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Georgist Errors
see also: the remedy, panacea?, about Henry George, quotable notables, quotable Nobels

If you spend much time around Georgists, you'll probably hear Henry George's name mentioned in a respectful and affectionate tone. It isn't that we agree with everything he ever said (though I've heard there are several who do). Rather, it is that, taken together, his ideas best express and inform our understanding of what it would take to create economic and social justice in our own time and place.

And most Georgists would say that, were you to compile a short list of American prophets, Henry George's name should be on that list. We commend his ideas to your attention.

Nic Tideman: Basic Tenets of the Incentive Taxation Philosophy

Historical Precedents
We are not the first people to assert that governments should not allow anyone to appropriate an excessive share of nature's bounty. Hints of our ideas can be found in the writings of 17th century English philosopher, John Locke.

The physiocrats of 18th century France: Quesnay, Turgot, Condorcet and others who sought to reform that country's tax system prior to its bloody revolution understood the importance of collecting a nation's revenue from levies upon land. The 19th century English philosophers Herbert Spencer and John Stuart Mill understood the injustice of claims to the ownership of land, though they could not bring themselves to recommend the fiscal measures that flow naturally from that insight.

But the person whose writings gave greatest impetus to our ideas was the 19th century American social philosopher, Henry George. His books and speeches contain powerful elucidations of ideas that we espouse. We particularly recommend Progress and Poverty and Protection or Free Trade. It should be understood that while we admire George's work, we do not regard him as an infallible authority. Our commitment is to principles of justice that we believe are part of the understanding of all open-minded people. George is the person who, in our view, has provided the best written expression of these principles so far.

Among the famous persons who have endorsed George's ideas are Albert Einstein, Leo Tolstoy, Winston Churchill, and Sun Yat Sen....  Read the whole article

Mason Gaffney:  Full Employment, Growth And Progress On A Small Planet: Relieving Poverty While Healing The Earth

 Some Georgist Errors to Discard

1, Capital and labor. George went overboard identifying capital with labor, because labor produces capital. He saw labor, rather than saving and investing, as the source of capital.

2, Capital formation. George as a theorist was insouciant about the need for market incentives to create capital. In this respect he slightly and superficially resembled Marx and Keynes, but only in theory. In practise, he saw the role of taxation in weakening such incentives, and so he advocated untaxing capital. His policy proposals do recognize the need for incentives for capital. It is his rationale that is rather twisted – he thought that by untaxing capital he was untaxing labor. This left a blind spot among some of his modern like-thinkers, who are not alert to the bias and distortions involved in untaxing capital while taxing labor (Gaffney, 1995).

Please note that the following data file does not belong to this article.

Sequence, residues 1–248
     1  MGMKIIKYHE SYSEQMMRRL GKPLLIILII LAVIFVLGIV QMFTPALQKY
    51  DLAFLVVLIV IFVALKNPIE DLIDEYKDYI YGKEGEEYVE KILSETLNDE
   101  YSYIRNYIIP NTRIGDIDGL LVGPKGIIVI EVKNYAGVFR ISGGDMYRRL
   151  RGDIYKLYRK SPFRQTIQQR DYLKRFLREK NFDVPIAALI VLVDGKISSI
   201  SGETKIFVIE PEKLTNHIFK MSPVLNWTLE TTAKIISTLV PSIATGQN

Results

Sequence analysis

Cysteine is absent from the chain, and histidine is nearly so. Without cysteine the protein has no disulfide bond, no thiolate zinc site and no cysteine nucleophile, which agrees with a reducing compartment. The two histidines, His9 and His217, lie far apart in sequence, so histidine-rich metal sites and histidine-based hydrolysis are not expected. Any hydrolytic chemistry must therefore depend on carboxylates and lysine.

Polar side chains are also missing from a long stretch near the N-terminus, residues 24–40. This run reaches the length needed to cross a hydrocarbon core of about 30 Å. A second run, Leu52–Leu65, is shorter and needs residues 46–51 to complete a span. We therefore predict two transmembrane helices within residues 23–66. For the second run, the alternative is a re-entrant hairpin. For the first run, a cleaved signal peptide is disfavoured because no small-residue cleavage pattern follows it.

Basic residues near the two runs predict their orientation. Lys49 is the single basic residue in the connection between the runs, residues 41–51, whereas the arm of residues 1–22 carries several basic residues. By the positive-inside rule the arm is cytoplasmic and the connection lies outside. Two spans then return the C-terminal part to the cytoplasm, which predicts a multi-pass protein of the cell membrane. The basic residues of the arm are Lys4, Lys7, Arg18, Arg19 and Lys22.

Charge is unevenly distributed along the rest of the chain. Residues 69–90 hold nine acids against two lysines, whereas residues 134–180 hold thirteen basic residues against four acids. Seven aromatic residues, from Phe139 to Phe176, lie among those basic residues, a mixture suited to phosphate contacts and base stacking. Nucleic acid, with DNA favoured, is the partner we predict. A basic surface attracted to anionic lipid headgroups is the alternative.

3, Income-creating spending. George needlessly belittled the role of income-creating investing in creating jobs. Again, his policy proposal, to untax capital, would foster such job creation, but he went out of his way to deny the relationship, which he regarded as patronizing to labor as such.

4, Role of interest rates. George had little concept of the role of interest rates and rates of return in allocating or rationing capital. He had almost no concept at all of the role of interest rates in conserving working capital from being sequestered and wasted in “pyramid-building” kinds of projects (whether developmental, premature, or just megalomaniac). He dismissed his contemporary Austrian economists for what he took as merely scientistic obscurity, pomp and pretense, while he missed the valid analysis underlying them (Gaffney, 1976). In a word, they taught that the function of interest rates is to direct capital away from “hard path” technology, reserving it for the “soft-path.” Those were not their exact terms or concepts. The way they saw it, higher interest rates discourage what we now call “upstream” production (mining, primary products) in favor of more downstream production (processing, storing, packaging, distributing, recycling, etc.), nearer the ultimate consumer. (“Near” may mean in space or in time, or some combination.) They called them “higher” and “lower” stages of production, but a rose by any other name … .

Thus, high interest rates are friendly to the environment, and today’s panacea, lower rates, lead us from soft to hard technology. (Curiously, George’s first book, Our Land and Land Policy, (1871) contains a cogent criticism of the waste of capital in premature railroad building – this is missing from later works.) Read the whole article

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Wealth and Want
... because democracy alone hasn't yet led to a society in which all can prosper